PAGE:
Automatic Ethanol Sprayer

Created a spray bottle attachment to introduce an automatic sensing/spraying unit for use in ethanol sterilization in lab settings.

All objects entering a sterile environment such as a biosafety cabinet (BSC) are sterilized with a decontaminant, often aerosolized via spray bottle. Reducing the time spent sterilizing by increasing convenience and ease of use of ethanol sterilizers can have significant benefits for all research requiring sterile environments. Our solution was to create an automatic ethanol spraying device that has the ability to attach to a wide range of spray bottles and uses object detection to activate a motorized trigger mechanism. This product addresses a large target market, which includes biological research laboratories in academia and industry. To our knowledge, there are no products specifically tailored to this goal, nor are there products made to attach to preexisting spray bottles currently on the market. Our pioneering product is an easily manufactured and maintained device that is valuable in a diverse set of research environments by increasing efficiency and convenience.
Industry, graduate, and undergraduate researchers in wet labs need a device that saves them time and energy while completing routine tasks. An automatic spraying mechanism attached to existing lab spray bottles eliminates the need to physically touch a spray bottle every time an object needs to be sterilized, reduces the risk of dropping cells, and minimizes hand fatigue by removing the need to pull the spray bottle’s trigger.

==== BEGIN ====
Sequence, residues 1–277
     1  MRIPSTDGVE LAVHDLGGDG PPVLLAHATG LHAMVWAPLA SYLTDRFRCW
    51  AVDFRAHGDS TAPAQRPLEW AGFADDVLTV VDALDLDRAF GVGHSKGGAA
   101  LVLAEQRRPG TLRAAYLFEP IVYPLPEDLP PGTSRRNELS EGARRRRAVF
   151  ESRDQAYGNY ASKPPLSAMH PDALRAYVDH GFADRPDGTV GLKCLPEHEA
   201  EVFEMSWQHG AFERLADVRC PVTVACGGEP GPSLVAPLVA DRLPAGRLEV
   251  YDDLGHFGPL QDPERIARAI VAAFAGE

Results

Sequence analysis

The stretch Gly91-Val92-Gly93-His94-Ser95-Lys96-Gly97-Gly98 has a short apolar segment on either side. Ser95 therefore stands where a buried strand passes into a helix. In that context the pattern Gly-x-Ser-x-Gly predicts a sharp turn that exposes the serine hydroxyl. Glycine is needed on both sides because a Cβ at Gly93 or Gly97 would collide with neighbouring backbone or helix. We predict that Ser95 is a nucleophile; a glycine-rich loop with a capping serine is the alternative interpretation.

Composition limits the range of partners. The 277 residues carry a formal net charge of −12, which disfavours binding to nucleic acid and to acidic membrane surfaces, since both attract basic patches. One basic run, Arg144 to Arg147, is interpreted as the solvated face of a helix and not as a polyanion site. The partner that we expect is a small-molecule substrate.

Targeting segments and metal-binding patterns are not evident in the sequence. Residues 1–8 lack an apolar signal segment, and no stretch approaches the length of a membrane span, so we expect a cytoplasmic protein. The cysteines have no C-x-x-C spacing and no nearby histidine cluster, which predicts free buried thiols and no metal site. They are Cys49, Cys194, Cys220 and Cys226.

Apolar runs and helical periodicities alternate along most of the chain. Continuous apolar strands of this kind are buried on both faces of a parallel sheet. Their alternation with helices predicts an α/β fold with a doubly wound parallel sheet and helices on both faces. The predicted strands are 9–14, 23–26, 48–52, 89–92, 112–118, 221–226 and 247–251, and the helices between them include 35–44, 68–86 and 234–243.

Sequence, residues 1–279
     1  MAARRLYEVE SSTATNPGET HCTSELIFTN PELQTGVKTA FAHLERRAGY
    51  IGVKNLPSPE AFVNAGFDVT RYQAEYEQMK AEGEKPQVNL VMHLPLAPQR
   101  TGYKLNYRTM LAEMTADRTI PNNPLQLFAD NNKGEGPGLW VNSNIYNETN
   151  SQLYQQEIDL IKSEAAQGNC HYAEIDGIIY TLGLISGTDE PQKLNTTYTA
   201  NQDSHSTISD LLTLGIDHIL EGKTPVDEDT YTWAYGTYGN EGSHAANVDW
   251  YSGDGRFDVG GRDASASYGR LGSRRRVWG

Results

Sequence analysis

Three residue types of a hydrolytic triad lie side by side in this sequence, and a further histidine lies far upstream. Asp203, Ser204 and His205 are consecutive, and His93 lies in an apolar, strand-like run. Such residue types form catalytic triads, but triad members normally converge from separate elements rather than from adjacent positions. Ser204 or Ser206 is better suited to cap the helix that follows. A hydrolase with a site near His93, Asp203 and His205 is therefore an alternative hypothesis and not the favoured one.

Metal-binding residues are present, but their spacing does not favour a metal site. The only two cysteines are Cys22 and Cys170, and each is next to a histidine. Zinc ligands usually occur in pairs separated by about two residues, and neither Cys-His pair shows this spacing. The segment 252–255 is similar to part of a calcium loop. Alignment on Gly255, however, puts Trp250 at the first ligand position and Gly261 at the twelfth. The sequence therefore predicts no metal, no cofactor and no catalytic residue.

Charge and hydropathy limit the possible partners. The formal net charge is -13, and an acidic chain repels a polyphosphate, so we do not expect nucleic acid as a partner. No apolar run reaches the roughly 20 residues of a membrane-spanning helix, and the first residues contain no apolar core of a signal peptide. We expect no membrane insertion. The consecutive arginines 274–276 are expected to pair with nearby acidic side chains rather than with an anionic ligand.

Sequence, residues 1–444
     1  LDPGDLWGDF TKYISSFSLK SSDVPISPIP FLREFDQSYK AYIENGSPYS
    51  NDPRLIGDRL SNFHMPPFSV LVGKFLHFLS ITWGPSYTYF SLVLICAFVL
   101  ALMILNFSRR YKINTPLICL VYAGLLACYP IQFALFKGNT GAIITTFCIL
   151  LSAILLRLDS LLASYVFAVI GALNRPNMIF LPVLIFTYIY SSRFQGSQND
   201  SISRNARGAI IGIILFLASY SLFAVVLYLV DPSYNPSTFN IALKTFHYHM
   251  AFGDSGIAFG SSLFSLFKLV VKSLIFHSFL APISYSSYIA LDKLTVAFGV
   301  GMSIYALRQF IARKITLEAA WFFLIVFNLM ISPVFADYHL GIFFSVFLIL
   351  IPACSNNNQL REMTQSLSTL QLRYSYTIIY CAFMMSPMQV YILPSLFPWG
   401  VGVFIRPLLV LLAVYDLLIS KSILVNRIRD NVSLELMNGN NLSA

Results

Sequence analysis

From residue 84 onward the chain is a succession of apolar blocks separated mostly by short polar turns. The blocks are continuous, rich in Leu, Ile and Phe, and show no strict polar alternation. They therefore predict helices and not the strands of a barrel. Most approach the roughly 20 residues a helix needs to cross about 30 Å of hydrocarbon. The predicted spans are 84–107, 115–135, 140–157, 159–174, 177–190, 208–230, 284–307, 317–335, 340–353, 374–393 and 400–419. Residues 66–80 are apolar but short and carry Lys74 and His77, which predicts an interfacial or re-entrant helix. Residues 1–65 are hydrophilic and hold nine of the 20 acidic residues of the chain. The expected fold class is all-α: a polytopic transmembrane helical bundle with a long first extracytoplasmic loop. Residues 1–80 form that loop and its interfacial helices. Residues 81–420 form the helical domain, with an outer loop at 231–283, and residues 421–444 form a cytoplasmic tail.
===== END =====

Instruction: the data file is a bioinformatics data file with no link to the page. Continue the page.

We spent time studying the mechanism of a spray bottle and deciding how we wanted our product to look – create a new bottle? make an enclosed box to put objects inside? create something that goes over the head of an existing bottle?
We decided to go with the 3rd option and revisit the 2nd, if we had the time to. We then thought about the mechanism and bought parts to create the basic functionality. I helped with the code for our Arduino, while other members of the group worked on the electronic components of our circuit. We then started 3D printing parts for the casing and fixing our power and servo to actually pull the trigger of the bottle. It needed a lot more power than we initially expected.
Due to COVID-19, we were unable to finish physically building our product. However, we took the opportunity to fully CAD our design, and write up a technical proposal – looking into markets, any regulatory pathways we may have needed to adhere to, cleaning up the electronics, etc. 
You can view our proposal and 3D modeled videos of our final design here